Original fare set for Thursdays
In a play to grab more movie ad coin, Bravo will begin programming original fare on Thursday nights this summer.
That’s the word from network topper Lauren Zalaznick, who announced the move Wednesday at a media upfront lunch in Gotham.
Zalaznick also officially ordered new seasons of “Project Runway,” “Top Chef” and “Million Dollar Listing,” while announcing “First Class All the Way,” a new skein about luxury concierges.
Cabler is also throwing its hat into the kudos ring, announcing the March 2008 premiere of the Bravo Icon Awards, honoring those who’ve made a difference in the arts.
Zalaznick and Bravo exec VP of programming and production Frances Berwick said the addition of a new night will build on the cabler’s success programming docudramas on Tuesdays and competition reality fare on Wednesdays.
“Bravo has successfully built hit series with a following of passionate viewers that can’t get enough of our five affinity groups: fashion, food, design, beauty and pop culture,” Berwick said. “With our originals on Thursday nights, advertisers can tap into the Bravo viewers’ strong consumer weekend interests — going to movies, shopping and spending loads of money.”
Bravo is coming off record ratings for 2006 and the first quarter of 2007, and execs used the moment to define the net as a high-end cable destination, even suggesting it would concentrate more on the 18-49 demo.
While the upfront was populated mostly by media, Bravo made a full-court press on the advertising side by highlighting the large percentage of college-educated and six-figure households among its viewership.
Veepee of ad sales Susan Malfa described the net’s prototypical audience as influential and affluent viewers (“affluencers,” in the net’s coinage) who determine “what’s hip and what’s in for their friends.”
While Bravo didn’t reveal exact premiere dates for many of its projects, it did announce a key bit of scheduling strategy: The new season of signature skein “Project Runway” won’t bow until the fourth quarter.
The most recent edition of the skein debuted in July 2006 and wrapped three months later; the first two editions debuted in December.
To fill the summer programming gap, Bravo will air the third season of “Top Chef” this summer, this time set in Miami.
Net emphasized it would continue to focus on the reality-competition genre made popular with shows like “Runway” and “Chef,” a group that Zalaznick quipped were “good-looking people in aspirational roles” engaging in “short-term conflict and long-term arc resolution.”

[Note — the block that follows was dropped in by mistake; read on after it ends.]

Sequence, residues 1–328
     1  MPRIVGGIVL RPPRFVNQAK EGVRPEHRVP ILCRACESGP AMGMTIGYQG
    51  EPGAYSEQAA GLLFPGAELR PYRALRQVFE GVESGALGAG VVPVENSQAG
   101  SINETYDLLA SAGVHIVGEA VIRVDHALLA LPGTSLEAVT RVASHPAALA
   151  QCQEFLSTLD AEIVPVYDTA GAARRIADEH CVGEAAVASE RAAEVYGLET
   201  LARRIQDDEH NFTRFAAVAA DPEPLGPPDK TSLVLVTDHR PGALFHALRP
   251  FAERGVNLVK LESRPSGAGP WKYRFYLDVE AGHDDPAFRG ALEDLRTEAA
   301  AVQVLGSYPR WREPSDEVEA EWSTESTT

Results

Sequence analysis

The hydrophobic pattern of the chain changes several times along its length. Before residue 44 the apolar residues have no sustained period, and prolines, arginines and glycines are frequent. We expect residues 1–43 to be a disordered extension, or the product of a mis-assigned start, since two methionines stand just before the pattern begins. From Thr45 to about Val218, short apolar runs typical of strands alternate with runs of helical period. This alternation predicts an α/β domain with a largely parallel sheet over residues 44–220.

But execs also implied an interest in moving beyond the format — and, specifically, “Runway” — which has been a hallmark of its ratings surge.
One newcomer is “First Class,” which will focus on high-end concierge Sara Duffy, described by the cabler as an “eccentric go-getter.” Stone and Co. will produce, with Scott Stone, Dave Osper and Lori Kaye exec producing.
At the presentation, net showed off clips from the Abdul reality show “Hey Paula,” with clips of Abdul and her pet dogs that suggested a show more squarely in the celeb-reality genre.
And while execs talked up hairstyle reality show “Shear Genius,” which bowed Wednesday night, they made several references to the success the net achieved in recent quarters without “Runway.”
Noting that ratings for the second season of “Top Chef” bested ratings for the second season of “Runway,” Zalaznick said, “It’s a painful metric in some ways and a proud metric in other ways.”
Returning skeins include a new installment of “Kathy Griffin: My Life on the D List,” which bows June 5. Bravo also talked up “Millionaire Matchmaker,” about an L.A. woman who sets up rich men but has trouble finding love herself (Daily Variety, April 11).
Previously announced projects on the cabler include the Palm Springs-set hotel skein “Welcome to the Parker” and the real estate-themed “Flipping Out.”
Upfront also focused significant attention on Bravo’s new-media effort, including the launch of net’s first portal, a food site revolving around “Top Chef” and newly signed blogs like William Sledd’s Ask a Gay Man.